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» Raking It In!

By Marcie Stumpf

It was March, but it certainly didn’t look like spring in Happy Camp. Snow was falling, and it was thick and heavy–but it was warm enough so that it wasn’t sticking very well. But, because it was still cold and damp, we were all standing around the large wood stove warming up.

We were watching Gordon Zahara as he paced back and forth, back and forth, while he told us about the find that he and Lars Larson had made detecting several days before. His pacing was due to his excitement, and the restlessness caused by the weather outside, which was preventing him from being out with his detector.

In late January of this year, when poor weather prevented Lars Larson from mining by his usual methods, Lars bought a Minelab GT16000 detector. He wanted to get right out with it and do some detecting. The problem with that was that there were very few people in Happy Camp during the winter who had time to go out detecting, and Lars wasn’t sure where to go.

The area around Happy Camp is not well-known as a good detecting area. Most of the people who come here come to dredge or high bank, sluice or pan. The very heavy mineralization of the soil in this area prevented most people from finding any nuggets, until two years ago. At that time, several people who were very good with detectors used the Minelab GT16000 and the Fisher Gold Bug with good results. Interest has been growing ever since then. There are some quite rich old hydraulic areas that have yielded some good nuggets during the summers, but no one had done any hunting in the winter.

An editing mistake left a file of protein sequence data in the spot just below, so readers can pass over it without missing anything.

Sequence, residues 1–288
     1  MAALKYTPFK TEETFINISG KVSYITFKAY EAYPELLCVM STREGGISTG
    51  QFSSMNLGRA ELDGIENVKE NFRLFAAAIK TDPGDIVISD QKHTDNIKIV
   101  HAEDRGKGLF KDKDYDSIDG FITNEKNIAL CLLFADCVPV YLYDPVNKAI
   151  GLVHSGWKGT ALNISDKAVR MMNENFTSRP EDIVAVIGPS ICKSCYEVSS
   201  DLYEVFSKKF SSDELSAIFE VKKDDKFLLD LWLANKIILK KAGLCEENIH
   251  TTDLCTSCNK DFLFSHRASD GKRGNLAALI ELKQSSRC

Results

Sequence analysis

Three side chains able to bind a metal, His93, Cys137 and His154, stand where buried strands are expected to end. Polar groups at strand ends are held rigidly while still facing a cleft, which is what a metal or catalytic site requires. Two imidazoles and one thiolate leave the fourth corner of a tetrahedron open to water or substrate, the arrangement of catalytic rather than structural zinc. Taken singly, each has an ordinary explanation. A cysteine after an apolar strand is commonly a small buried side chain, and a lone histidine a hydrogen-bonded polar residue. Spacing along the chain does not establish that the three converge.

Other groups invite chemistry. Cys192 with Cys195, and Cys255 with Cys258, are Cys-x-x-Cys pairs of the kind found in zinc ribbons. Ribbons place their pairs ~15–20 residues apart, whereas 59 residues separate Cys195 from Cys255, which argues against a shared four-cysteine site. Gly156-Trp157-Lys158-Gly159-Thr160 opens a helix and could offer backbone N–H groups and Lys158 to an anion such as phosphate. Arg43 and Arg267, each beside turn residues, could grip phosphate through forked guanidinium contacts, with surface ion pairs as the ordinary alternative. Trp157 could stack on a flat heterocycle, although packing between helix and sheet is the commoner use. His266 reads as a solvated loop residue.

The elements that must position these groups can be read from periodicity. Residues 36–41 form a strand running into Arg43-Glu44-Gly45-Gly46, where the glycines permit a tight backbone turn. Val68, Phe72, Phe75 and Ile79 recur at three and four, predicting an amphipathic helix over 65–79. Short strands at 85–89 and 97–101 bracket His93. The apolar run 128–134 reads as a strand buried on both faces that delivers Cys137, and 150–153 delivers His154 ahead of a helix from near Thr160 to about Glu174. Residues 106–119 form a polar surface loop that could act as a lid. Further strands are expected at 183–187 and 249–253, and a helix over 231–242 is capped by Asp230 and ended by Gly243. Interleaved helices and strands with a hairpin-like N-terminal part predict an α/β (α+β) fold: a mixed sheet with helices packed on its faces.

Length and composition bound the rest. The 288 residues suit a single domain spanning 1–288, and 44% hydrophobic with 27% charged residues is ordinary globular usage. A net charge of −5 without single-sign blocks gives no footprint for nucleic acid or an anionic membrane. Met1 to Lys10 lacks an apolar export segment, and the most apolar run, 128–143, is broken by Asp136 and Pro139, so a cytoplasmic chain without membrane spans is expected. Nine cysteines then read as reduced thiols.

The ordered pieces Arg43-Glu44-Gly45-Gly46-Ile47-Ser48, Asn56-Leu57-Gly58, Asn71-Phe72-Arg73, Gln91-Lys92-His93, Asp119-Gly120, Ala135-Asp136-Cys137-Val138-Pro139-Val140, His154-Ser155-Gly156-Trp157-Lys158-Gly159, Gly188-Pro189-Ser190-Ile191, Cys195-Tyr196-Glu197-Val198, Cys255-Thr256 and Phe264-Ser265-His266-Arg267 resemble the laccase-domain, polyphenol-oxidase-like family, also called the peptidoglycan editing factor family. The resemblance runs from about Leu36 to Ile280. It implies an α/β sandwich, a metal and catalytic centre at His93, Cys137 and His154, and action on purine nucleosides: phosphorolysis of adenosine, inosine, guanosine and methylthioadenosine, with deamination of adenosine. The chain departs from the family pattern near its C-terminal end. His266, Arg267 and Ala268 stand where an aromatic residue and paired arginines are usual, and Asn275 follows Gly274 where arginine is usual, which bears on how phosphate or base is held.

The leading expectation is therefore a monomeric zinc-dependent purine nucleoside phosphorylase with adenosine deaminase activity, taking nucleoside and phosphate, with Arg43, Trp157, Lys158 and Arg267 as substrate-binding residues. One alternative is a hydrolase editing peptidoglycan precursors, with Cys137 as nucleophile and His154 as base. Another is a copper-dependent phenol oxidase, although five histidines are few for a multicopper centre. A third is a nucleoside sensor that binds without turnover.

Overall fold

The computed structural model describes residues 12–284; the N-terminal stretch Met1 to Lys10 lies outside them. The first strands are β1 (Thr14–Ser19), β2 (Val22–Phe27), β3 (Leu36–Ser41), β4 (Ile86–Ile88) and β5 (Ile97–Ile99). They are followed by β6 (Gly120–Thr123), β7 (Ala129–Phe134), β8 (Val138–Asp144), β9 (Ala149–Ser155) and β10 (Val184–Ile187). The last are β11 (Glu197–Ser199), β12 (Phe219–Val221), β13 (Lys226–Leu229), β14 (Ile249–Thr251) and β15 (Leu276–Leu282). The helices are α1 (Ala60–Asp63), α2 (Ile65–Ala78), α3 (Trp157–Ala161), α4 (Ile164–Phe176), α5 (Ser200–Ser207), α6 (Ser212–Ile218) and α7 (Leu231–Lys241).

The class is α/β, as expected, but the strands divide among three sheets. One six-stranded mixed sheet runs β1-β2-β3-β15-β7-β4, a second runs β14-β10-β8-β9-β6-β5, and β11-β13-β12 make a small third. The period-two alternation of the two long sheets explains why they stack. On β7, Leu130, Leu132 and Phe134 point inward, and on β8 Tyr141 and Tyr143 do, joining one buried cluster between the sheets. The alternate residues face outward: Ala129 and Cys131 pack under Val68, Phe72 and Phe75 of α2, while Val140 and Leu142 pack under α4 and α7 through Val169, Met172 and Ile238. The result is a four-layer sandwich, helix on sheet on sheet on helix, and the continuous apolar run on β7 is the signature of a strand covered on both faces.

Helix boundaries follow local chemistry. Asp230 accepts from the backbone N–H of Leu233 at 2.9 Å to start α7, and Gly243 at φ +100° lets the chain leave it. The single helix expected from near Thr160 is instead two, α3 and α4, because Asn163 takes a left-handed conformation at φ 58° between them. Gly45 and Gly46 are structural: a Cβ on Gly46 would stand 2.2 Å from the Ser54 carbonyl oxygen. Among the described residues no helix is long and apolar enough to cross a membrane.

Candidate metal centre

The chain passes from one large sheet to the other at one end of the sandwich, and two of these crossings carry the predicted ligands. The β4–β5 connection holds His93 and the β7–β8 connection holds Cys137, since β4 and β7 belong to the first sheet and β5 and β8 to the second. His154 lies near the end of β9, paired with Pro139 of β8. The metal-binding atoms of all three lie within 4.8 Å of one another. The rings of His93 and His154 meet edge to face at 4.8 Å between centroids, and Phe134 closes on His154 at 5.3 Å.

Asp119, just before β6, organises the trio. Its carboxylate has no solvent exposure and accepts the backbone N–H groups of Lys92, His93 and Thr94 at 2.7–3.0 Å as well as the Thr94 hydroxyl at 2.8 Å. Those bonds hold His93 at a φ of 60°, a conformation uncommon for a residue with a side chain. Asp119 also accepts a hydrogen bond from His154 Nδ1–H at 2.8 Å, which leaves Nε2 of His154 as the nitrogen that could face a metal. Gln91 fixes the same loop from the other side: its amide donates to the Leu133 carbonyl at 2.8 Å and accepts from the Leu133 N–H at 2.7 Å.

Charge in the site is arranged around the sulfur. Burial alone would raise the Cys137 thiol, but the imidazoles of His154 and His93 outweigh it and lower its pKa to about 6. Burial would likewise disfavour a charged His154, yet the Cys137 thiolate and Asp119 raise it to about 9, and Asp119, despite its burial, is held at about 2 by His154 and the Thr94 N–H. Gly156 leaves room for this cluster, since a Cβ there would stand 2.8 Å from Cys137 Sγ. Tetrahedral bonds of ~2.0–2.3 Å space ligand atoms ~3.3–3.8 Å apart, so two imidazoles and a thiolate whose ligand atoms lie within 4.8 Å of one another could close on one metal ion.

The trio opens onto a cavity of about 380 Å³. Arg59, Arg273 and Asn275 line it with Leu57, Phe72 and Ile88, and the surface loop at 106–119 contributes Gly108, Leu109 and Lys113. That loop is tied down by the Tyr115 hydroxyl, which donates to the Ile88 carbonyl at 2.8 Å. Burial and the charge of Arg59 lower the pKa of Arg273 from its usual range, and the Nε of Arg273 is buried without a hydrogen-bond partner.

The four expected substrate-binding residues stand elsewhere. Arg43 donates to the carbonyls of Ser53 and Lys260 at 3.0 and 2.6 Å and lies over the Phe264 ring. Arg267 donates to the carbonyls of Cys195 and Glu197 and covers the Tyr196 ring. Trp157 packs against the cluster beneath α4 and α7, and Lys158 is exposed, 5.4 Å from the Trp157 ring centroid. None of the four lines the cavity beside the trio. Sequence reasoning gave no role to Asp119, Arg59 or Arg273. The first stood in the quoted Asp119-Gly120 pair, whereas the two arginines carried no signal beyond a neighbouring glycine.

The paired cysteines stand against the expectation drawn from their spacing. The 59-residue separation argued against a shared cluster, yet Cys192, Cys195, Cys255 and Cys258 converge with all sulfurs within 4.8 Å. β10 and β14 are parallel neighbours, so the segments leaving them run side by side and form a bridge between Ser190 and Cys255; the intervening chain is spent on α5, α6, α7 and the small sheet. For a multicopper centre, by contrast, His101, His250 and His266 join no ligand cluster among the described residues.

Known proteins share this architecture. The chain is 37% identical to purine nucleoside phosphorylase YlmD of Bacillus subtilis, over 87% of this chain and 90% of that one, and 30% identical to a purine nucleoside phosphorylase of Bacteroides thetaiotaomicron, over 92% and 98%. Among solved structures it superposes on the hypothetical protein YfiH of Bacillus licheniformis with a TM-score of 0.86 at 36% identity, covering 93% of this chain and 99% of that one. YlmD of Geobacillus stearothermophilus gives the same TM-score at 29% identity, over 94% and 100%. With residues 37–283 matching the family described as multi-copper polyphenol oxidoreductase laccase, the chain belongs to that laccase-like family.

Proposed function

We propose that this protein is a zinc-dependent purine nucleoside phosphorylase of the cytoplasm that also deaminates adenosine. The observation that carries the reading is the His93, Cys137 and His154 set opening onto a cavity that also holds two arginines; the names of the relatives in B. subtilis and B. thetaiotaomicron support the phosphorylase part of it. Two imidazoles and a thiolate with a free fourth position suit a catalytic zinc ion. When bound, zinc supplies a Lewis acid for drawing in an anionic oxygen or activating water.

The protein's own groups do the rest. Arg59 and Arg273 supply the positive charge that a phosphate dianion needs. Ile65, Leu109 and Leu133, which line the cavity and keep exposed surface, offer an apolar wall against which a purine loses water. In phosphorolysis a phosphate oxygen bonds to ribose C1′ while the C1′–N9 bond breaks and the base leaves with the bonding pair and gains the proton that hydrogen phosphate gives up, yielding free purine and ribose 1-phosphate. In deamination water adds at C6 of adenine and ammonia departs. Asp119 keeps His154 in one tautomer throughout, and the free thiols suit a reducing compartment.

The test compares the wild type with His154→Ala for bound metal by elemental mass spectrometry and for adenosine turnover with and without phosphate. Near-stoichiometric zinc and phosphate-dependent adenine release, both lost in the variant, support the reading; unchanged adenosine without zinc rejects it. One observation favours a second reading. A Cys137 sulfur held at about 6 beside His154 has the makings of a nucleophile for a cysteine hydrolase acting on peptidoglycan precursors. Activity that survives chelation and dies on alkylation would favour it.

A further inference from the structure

Before commitments took him away from detecting for awhile, Gordon spent some time on the creek claims last summer, and found several nuggets in high bedrock crevices. That really enthused him about the possibilities for detecting in this area. All the creeks in the area are known for their nice nuggets. There are also all the hydraulic tailings on the river, to say nothing of the high bedrock areas of the river to check out!

His return from a two-month trip coincided with Lars’ purchase of his new detector. The two wasted no time in teaming up. Gordon has a Garrett Groundhog that he has had quite a while, and uses a Depthmaster for enhancement. He knows his detector so well, and has such good results, that he is reluctant to change.

Lars, who is new to detecting, was enthused to have someone who was experienced to give him some tips. Unfortunately, the weather turned really rotten, and for two weeks there were never less than six inches of snow on the ground, so the two of them turned to other things, trying to accomplish as much as possible. This would allow them to have more time for detecting as soon as the weather cooperated.

Eventually it did, and we had a week of beautiful weather. By this time, Gordon had so many ideas that he wanted to try that he and Lars did not know where to begin. However, since Lars was new, they tried some of the areas that had produced nuggets in the past, and turned up a few.